You may not have many (if any) flowers blooming in your garden right now, but the winter season still offers some great opportunities for photographing your garden. Here are a few tips for how to work with winter light, how to create interesting pictures, and how to keep yourself and your camera gear warm and dry.
Capture The Mood. Winter photographs tend to look either warm or cool. Early mornings and mid-afternoons are usually the best times to take "warm light" pictures. Warm light helps keeps the snow looking pure and white and livens up an otherwise endless landscape of white. Later in the day snow usually photographs with a slight blue cast because the light is "cooler." The afternoon winter sun sits low in the sky and by the afternoon will cast long shadows across the landscape. If used to your advantage, these shadows can add a sense of texture and interest to your pictures.
Avoid The Glare. One of the main challenges with photographing snow in the fact is the glare. The light meters on most cameras will struggle with all that shiny white light and read it as gray. If you're taking pictures with a point-and-shoot camera, switch to your "snow" mode. For DSLR type cameras try overexposing your shots by +1 or +2 if you have automatic exposure compensation.
Focus On Small Details. Look for snowy trees, twigs encased in ice, leaves frozen in a puddle, garden statues, or green plants peeking out from under the snow. Children, snowmen, and pets also make good subjects.
Set The Stage. If your garden seems to lack inspiration, placing pre-arranged objects outdoors overnight (e.g. fresh flower). Arrange them in an pleasing way and you'll have an interesting picture in the morning, if not in a couple of hours.
Fill The Frame. When shooting small details, focus the camera so that all attention is on the patterns and textures created by the subject. On point-and-shoot cameras, try using the macro or close-up setting. For DLSR type, a standard or short telephoto lens is usually enough to get in close. If you're concerned about optimum picture quality, a tripod can be useful for keeping the camera steady, especially if you're using slow film.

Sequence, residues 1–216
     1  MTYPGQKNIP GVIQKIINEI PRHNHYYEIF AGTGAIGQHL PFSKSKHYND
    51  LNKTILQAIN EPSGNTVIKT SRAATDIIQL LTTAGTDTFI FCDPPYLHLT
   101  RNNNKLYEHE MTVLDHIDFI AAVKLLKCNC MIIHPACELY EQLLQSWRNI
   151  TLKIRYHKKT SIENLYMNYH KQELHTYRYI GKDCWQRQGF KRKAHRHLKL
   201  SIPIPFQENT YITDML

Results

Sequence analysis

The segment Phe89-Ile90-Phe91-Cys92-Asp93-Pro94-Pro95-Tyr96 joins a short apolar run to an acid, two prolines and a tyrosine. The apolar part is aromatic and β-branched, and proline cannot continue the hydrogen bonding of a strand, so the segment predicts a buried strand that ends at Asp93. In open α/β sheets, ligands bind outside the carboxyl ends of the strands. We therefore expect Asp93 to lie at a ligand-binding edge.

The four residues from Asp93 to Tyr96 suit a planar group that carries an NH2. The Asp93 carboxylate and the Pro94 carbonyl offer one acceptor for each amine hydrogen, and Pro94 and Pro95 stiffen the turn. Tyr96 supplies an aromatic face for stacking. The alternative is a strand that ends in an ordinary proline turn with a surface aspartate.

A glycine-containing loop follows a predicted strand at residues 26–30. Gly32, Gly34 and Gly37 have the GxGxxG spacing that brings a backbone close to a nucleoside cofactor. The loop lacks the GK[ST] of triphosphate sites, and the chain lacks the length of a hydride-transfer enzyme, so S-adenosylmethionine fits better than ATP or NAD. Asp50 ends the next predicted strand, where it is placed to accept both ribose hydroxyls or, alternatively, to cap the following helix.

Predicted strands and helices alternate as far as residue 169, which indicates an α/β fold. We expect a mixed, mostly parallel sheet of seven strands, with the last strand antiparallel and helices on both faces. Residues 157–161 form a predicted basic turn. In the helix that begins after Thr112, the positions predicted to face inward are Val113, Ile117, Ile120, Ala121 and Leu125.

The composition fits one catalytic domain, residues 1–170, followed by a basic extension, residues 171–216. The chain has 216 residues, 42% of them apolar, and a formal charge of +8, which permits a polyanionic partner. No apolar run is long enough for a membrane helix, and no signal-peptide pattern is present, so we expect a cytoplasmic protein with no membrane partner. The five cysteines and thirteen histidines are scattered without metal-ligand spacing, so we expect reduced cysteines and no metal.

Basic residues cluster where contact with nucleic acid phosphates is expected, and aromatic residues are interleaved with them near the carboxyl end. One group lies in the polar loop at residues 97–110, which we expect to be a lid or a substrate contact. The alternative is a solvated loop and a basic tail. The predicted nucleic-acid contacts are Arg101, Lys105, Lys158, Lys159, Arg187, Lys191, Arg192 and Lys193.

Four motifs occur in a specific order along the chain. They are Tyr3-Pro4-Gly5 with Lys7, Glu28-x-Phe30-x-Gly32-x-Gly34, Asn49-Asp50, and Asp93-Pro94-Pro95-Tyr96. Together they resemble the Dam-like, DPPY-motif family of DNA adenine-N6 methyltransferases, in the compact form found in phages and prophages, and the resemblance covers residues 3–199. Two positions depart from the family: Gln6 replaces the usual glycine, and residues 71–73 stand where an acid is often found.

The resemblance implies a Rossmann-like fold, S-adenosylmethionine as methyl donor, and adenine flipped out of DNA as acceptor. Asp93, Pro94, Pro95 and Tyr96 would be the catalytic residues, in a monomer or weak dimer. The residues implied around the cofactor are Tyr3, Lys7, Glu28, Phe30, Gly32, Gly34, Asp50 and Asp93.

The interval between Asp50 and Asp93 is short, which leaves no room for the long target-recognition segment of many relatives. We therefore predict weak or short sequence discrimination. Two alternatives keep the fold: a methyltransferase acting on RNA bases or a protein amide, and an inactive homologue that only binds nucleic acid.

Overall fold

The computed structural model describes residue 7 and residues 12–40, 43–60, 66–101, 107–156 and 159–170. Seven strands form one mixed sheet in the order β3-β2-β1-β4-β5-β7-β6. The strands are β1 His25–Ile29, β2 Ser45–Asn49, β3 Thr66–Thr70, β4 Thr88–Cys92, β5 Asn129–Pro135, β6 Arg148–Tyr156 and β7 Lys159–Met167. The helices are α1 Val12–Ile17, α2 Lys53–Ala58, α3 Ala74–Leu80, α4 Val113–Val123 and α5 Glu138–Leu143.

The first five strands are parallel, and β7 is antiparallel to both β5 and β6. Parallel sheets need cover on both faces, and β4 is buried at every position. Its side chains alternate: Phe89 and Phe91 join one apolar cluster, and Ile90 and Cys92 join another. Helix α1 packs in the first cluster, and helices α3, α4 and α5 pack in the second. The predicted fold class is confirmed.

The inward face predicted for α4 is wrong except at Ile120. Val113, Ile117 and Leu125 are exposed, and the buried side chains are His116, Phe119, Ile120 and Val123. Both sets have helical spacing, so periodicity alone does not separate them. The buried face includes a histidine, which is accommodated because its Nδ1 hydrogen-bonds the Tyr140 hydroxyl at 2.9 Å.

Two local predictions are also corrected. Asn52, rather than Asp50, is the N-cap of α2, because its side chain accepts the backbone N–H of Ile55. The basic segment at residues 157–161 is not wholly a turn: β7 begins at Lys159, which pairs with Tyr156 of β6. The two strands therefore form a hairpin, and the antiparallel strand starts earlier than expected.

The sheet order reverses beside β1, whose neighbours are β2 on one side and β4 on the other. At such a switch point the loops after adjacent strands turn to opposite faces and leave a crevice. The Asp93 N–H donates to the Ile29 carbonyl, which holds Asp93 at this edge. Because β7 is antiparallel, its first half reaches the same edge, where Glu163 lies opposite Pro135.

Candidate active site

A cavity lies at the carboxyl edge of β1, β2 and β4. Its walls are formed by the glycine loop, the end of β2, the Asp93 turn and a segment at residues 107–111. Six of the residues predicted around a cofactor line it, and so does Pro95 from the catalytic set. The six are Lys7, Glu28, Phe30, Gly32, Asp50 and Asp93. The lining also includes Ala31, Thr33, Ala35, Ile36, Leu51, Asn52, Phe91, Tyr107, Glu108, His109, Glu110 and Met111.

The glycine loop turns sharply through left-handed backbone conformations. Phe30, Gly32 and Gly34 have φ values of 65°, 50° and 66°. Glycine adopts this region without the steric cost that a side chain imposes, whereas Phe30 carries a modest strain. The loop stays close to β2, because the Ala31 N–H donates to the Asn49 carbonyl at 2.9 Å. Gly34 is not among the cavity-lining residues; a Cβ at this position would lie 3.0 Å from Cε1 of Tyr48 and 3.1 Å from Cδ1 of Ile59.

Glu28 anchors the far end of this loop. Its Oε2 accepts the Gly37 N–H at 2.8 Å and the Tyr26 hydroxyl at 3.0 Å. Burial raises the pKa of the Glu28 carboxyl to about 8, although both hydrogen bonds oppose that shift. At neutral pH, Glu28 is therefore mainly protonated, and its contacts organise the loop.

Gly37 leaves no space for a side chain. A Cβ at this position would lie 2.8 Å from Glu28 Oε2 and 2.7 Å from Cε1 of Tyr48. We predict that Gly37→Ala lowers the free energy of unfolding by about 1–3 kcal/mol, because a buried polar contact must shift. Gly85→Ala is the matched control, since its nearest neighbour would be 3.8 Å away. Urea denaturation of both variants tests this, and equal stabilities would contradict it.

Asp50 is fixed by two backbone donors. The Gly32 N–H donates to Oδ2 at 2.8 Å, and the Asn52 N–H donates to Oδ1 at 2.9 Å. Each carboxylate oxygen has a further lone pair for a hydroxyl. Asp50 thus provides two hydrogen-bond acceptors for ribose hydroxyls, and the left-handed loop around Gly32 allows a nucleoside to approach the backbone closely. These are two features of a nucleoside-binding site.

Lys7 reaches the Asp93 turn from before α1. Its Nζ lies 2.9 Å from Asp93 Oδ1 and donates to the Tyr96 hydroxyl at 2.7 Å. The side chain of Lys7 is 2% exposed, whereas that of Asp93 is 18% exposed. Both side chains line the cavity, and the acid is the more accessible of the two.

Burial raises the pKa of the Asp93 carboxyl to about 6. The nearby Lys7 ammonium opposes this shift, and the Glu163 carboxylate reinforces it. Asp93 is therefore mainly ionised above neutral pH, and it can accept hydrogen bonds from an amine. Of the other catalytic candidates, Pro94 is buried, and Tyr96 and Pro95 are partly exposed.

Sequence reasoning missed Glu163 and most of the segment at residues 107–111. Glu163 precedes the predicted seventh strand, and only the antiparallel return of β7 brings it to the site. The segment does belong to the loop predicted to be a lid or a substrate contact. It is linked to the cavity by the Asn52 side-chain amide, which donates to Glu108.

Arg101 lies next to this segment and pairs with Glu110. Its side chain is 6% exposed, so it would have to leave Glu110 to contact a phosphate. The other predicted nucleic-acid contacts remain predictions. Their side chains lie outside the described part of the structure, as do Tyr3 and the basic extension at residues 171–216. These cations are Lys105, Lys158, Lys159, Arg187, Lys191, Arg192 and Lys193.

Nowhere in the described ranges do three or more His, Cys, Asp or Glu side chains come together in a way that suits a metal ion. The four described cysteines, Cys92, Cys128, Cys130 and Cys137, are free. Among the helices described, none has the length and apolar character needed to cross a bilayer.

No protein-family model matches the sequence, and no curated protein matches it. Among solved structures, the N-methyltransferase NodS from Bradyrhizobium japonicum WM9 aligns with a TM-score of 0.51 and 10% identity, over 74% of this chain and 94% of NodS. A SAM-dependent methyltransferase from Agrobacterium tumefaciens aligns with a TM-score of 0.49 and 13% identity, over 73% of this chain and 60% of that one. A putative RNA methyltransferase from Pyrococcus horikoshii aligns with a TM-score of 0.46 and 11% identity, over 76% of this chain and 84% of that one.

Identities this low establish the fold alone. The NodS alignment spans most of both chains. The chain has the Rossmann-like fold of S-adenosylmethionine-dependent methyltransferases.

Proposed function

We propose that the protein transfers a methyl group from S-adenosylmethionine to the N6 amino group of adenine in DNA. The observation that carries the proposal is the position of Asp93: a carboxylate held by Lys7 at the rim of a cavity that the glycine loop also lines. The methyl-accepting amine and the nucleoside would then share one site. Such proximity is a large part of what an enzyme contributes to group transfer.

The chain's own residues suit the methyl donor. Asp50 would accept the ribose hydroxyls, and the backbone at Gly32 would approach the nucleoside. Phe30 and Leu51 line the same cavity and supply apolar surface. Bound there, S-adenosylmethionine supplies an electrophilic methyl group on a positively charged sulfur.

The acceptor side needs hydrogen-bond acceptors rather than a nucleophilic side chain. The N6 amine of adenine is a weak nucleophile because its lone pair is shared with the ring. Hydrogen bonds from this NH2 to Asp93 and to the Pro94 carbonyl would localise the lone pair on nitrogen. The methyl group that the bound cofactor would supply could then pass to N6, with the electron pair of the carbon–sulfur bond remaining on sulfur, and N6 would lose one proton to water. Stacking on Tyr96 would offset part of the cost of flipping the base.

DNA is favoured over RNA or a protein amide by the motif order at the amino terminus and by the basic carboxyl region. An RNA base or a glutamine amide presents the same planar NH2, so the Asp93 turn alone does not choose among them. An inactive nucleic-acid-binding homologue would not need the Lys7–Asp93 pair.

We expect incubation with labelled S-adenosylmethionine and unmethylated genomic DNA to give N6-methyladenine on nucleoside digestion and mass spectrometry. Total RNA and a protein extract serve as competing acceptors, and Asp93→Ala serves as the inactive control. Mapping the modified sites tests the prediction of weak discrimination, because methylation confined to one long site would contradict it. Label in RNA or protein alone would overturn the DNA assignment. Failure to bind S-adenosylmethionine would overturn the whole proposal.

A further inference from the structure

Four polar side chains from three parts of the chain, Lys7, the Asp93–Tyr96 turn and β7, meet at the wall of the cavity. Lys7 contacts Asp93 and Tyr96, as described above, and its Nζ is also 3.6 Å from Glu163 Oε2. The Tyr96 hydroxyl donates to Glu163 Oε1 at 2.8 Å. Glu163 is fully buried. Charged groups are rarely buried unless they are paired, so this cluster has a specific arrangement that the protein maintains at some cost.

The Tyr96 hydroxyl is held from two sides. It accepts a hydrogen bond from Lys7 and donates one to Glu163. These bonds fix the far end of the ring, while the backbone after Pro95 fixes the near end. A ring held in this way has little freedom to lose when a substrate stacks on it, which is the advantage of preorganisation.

Cold weather can quickly drain your camera's batteries. Keep a spare set in your pocket where they will stay warm and change them out as necessary.
Cold lenses can develop a coat of condensation once you head back into warmer temperatures. To avoid this, place your camera inside a sealable plastic bag with a few packets of silica before going indoors. This way any condensation that forms on the bag will be absorbed by the silica gel. Once all traces of condensation are gone, you can take your equipment out of the bag.
Remember to keep yourself warm when venturing outdoors in cold weather. Wear lots of thin layers of clothing rather two or three thick layers, and don't forget our hat and mittens. If wearing thin gloves is necessary in order to work your camera's controls, consider packing some hand warmers in you coat pocket to keep your hands warm and toasty.
About The Author: Ellen Brown is an environmental writer and photographer and the owner of Sustainable Media, an environmental media company that specializes in helping businesses and organizations promote eco-friendly products and services. Contact her on the web at http://www.sustainable-media.com
I photographed a lot of items in my yard during a recent snow fall. The beauty of the leaves, trees and even the birdbath was captivating to the eye. The beauty of the magnolia leaves filled with snow was a sight to behold.
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